Graham Stack in Berlin -
As tensions with the West escalate over the Ukraine crisis, the Kremlin is cracking down on freedom of opinion domestically - forging plans to shut off access to the global internet in the event of war or political unrest, and to sideline foreign-owned mass media, at the same time as an oligarch close to the Kremlin completes his monopolisation of Russia's social media.
President Vladimir Putin will convene a meeting of Russia's security council September 22 to consider how the Russian web could be uncoupled from the global web "in an emergency" such as war or attempted revolution, according to business daily Vedomosti on September 19.
According to Andrei Soldatov, an expert on Russia's security services, in comments made to The Guardian, this might indeed be technically possible for Moscow to do so because Russia has "surprisingly few" international exchange points, and all of them are under the control of state-owned long-distance operators, such as Rostelecom.
The overarching goal of Russia's new cybersecurity strategy is to strengthen Russia's internet “sovereignty.” According to Vedomosti, one further proposal to be considered by the security council was to take direct control over the .ru domain, which is currently administered by a non-governmental organisation, the Coordinating Centre of the National Internet Domain.
Soldatov said such a move could see Russia following in Kazakhstan's footsteps, where the state took over administration of internet domains two years ago. "The thing might be approved very quickly, and this means it shows a way to the next step – to force all domains in the .ru zone to be hosted in Russia," Soldatov told The Guardian.
The Kremlin acknowledges a looming policy shift, but says this is to do with national security, not repression, at a time of increased tension with the West over Russian aggression in Ukraine. The Kremlin appears concerned about how Russia's dependency on US technology and digital infrastructure might expose it to security risks. According to internal presentations from the National Security Agency, leaked by Edward Snowden, Russia is in the NSA's top-five worldwide espionage targets, alongside "axis of evil" states Iran, Iraq, North Korea, as well as Afghanistan.
According to Kremlin spokesperson Dmitry Peskov, the fear is that the USA might switch Russia off from the global internet. “Russia is not considering the possibility of shutting itself off from the global internet, but is considering defensive measures in connection with the unpredictability of western partners,” Dmitry Peskov, press secretary to Russian president Vladimir Putin, told Interfax September 19. “Recently our partners in the EU and USA have shown a fair degree of unpredictability and we have to be ready for everything,” Peskov added.
According to Vedomosti's sources, the Kremlin worries lest the USA exclude Russia from the system of IP address assignation, using its influence over the US-based non-profit organisation Internet Corporation for Assigned Names and Numbers, the top authority in administrating the internet's domains. “It is well known who is the main administrator of the global internet. In connection with this unpredictability, we have to consider how to ensure national security,” Peskov said.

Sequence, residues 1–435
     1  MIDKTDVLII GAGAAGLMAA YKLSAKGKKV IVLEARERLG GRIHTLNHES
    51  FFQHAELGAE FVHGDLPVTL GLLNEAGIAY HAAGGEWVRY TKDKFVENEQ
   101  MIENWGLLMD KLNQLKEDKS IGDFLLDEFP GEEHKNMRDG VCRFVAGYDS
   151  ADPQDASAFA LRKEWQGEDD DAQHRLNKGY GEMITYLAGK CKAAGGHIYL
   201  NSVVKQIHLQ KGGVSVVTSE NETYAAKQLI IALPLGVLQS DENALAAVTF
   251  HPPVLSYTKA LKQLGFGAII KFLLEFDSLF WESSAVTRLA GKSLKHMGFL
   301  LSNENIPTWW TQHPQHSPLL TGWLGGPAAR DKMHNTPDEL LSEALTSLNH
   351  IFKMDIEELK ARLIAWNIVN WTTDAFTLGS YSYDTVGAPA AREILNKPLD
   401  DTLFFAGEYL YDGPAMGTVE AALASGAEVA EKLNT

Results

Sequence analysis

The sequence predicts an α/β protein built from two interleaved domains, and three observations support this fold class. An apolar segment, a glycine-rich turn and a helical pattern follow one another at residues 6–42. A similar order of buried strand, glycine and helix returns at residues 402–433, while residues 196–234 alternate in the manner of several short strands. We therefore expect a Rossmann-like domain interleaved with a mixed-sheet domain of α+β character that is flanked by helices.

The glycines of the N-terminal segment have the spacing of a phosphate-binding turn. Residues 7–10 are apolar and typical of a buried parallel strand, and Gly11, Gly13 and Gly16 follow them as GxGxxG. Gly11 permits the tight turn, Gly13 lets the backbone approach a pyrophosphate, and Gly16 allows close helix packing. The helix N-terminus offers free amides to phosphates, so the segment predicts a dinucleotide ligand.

However, it would be difficult to filter the global internet in Russia, as the Chinese government does in China, because Russia's internet is closely integrated in international structures, for instance intensively using international hosting services and data centres, Russia's internet ombudsman Dmitry Marinichev told Vedomosti. Many Russian operators are not connected to Russia internet points of exchange and instead use Western Europe networks for traffic, he said.
Foreign media ownership to be slashed
The hostile moves towards the internet are ominous in a week that saw a bill introduced to the Duma September 17 on restricting foreign ownership of any media resource to 20%. Although introduced by backbench MPs, it is believed to enjoy Kremlin support, and a fast passage through parliament is likely.
Currently, foreign entities are restricted from owning more than 50% of broadcast media, with no restriction on print or internet. Any media not conforming with the law by January 1, 2017 will have to close, according to the draft bill.
Media experts argue that the real target of the law are publications Vedomosti and Forbes, which carry out hard-hitting and respected investigations that shed vital light on machinations by the Kremlin, oligarchs, security forces and organised crime.
According to Vedomosti, the Duma will approve the amendments in the coming week. One of the authors of the law told Parlamentskaya Gazeta that such restrictions on foreign media ownership exist in some EU countries for non-EU owners, although this is a dubious claim. Estimates say that around a half of all media could be affected by the law, since many resources are owned via offshores.
Social media monopolised
Not only the mass media and Internet infrastructure is facing tighter Kremlin control. On September 16, close Kremlin ally, oligarch Alisher Usmanov, acquired 48.01% of Russia's largest social network, vkontakte, to give it 100% control of the network. Usmanov, who in the 1980s served time in jail on what he says were trumped-up charges, now owns all three of Russia's largest social networks, vkontakte, odnoklassniki and my world, as well as a stake in Facebook.
In spring 2014 founder and CEO Pavel Durov left the company - and Russia - after a dispute with Usmanov believed to be over whether or not to allow Russia's security services access to vkontake's user files.
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